Financial buyers may be somewhat subdued in the current uncertain credit markets but deals are still being done. This morning US private equity house Clayton, Dubilier & Rice succeeded in picking up the industrial testing division of UK mid cap engineer Bodycote.
Clayton, Dubilier & Rice won what looks like quite a competitive process, seeing that it was prepared to pay £417m (US$767m) or 20 times the £21m operating profits that the business made last year [or 13x 2007 EBITDA, and 9.5x-10x expected 2008 EBITDA]. The resilient nature of the activities that Bodycote’s testing division undergoes doubtlessly made it an attractive asset to sell.
Clayton, Dubilier & Rice’s chief executive Donald Gogel confirmed as much saying the business “exhibits the key characteristics that we look for in all of our investments” namely “a market leading services business with customers in diversified and resilient industries”.
Gogel added: “Our ability to execute this transaction in the current environment reflects the flexibility of CD&R’s operating model”.
Bodycote is not the only FTSE 250 engineer that has succeeded in divesting a valuable asset to a financial buyer at a high price lately. Earlier this month Hunting offloaded Gibson Energy, its Canadian oil and gas transport business to Carlyle and its linked energy sector specialist fund manager Riverstone.
Hunting managed to pick up £626m (CAN$1.27bn) for this asset. Again this deal was struck at a healthy multiple of nearly 13 times the business’s £48.4m operating profits last year. That reflects the booming nature of its activities too, operating oil terminals, pipelines, road tankers and a refinery.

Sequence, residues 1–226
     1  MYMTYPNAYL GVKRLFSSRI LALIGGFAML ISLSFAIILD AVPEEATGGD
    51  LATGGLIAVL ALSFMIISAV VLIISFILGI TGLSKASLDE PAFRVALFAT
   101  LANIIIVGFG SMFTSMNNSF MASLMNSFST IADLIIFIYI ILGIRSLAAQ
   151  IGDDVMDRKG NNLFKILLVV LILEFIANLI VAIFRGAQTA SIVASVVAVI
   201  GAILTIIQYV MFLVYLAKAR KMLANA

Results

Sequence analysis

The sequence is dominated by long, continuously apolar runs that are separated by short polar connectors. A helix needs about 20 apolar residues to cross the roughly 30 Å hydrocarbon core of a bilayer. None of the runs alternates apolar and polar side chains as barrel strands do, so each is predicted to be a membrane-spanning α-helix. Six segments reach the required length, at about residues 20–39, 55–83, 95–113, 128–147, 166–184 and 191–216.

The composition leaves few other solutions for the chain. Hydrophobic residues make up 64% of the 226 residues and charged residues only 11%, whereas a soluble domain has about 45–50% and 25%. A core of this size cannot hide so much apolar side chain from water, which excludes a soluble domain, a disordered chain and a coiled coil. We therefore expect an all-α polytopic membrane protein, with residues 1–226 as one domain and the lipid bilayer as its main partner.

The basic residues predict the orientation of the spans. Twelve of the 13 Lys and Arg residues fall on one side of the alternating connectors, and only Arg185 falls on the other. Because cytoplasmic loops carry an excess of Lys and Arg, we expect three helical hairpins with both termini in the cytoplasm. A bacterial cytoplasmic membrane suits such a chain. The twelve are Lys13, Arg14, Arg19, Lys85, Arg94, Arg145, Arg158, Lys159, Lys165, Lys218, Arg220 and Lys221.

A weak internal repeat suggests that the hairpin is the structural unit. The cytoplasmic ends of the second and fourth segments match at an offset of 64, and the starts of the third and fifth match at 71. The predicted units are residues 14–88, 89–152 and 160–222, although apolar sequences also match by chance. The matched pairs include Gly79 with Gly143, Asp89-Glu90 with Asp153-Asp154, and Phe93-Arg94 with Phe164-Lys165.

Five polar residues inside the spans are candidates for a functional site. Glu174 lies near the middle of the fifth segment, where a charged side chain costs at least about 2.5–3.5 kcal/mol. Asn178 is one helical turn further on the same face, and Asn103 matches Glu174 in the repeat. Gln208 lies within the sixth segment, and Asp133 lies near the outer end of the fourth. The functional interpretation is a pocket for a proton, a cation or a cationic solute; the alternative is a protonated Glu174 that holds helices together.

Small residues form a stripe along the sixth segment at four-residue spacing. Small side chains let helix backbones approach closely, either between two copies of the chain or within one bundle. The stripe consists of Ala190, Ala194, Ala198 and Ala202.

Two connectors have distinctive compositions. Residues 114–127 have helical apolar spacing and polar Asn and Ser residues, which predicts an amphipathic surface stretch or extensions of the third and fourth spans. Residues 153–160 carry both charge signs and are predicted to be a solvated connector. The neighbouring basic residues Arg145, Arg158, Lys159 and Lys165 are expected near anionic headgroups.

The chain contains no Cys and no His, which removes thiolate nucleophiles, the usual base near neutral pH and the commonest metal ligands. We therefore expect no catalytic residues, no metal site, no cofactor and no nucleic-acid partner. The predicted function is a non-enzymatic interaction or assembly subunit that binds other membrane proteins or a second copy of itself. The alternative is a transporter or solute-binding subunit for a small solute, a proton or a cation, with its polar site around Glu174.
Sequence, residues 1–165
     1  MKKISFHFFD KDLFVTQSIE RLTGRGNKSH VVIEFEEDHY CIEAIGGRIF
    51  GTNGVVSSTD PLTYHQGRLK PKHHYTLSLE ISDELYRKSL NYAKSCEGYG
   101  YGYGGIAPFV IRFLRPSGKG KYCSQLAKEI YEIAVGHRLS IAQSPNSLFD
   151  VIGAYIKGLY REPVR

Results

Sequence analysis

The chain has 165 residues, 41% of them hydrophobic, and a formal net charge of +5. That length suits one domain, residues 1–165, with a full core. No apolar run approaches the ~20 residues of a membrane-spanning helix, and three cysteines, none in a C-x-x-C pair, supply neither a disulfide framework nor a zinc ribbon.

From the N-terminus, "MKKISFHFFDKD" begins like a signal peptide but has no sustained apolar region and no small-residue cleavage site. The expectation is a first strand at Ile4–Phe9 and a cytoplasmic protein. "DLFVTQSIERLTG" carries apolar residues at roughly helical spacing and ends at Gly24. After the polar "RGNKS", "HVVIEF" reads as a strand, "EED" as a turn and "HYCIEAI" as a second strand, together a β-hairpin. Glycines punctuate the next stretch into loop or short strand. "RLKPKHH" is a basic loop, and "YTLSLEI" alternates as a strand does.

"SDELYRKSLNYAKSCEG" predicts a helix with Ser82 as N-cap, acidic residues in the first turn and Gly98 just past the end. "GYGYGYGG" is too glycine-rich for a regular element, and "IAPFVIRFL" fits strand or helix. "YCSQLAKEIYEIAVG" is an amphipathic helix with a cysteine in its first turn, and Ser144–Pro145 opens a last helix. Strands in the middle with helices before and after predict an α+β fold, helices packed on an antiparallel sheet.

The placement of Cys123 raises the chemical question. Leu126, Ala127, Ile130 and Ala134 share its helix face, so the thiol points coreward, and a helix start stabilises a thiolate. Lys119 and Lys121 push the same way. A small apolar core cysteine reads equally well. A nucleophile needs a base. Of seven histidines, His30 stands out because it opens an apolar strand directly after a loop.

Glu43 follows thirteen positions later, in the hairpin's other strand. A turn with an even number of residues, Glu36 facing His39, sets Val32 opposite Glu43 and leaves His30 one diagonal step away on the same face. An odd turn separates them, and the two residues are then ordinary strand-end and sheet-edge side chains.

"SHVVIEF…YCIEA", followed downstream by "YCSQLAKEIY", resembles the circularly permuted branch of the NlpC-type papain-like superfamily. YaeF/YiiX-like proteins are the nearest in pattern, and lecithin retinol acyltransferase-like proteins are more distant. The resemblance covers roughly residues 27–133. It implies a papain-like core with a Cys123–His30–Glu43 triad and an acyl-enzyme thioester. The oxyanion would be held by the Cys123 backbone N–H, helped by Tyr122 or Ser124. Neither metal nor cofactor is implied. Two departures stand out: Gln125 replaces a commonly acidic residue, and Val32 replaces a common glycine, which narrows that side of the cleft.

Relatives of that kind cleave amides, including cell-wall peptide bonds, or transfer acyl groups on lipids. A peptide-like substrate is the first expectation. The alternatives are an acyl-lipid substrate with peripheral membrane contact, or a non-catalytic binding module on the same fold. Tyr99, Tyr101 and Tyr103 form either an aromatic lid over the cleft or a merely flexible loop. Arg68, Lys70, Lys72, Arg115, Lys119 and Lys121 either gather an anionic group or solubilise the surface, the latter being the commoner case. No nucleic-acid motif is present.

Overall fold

Notably, some of the other major buyouts this year have also involved somewhat recession-proof businesses, such as oil services group Expro, bought by Candover for £1.8bn, and healthcare mobility aid maker Tunstall, acquired by Charterhouse for £514m.
However, whilst assets such as these look likely to find a buyer whatever the weather, others are finding the current funding climate more debilitating to their dealmaking, as the drawn out and, in cases, inconclusive, auctions of Reed Business and Informa have shown.
Overall though, private equity companies remain reasonably positive. Yesterday Candover Investments chairman Gerry Grimstone said: “Although no company can be immune from the economic pressures facing Europe, our portfolio is in good shape, and we continue to believe that this is a good time to invest with company valuations and debt multiples back to more sensible levels. Realisations, however, will be harder to achieve.”
He pointed to the acquisition of Expro showing that “Candover is very much open for business despite the credit crisis” but admitted that overall “European buyout market activity in the first half of 2008 was significantly lower than during the first half of 2007, with values down by more than 58% from €115bn to €48bn”.
“This was largely due to a shortage in the availability of debt for the larger transactions that historically have accounted for the majority of the market in value terms. We expect the difficult market conditions to continue in the second half, and we anticipate that the buyout market in 2008 will be significantly behind the records set in recent years”.
The value of the group’s investment in bingo-to-bookies conglomerate Gala Coral is now worth less than half its initial cost.
Similarly Ross Marshall, chief executive of smaller manager Dunedin, this morning said that whilst realisations might slow over the medium term “as exits at attractive prices are less likely” there will also be “good buying opportunities which are more attractively priced than in recent years”.
Private equity looks likely to enjoy such mixed fortunes for some time to come.
This post originally appeared at Thomson Merger News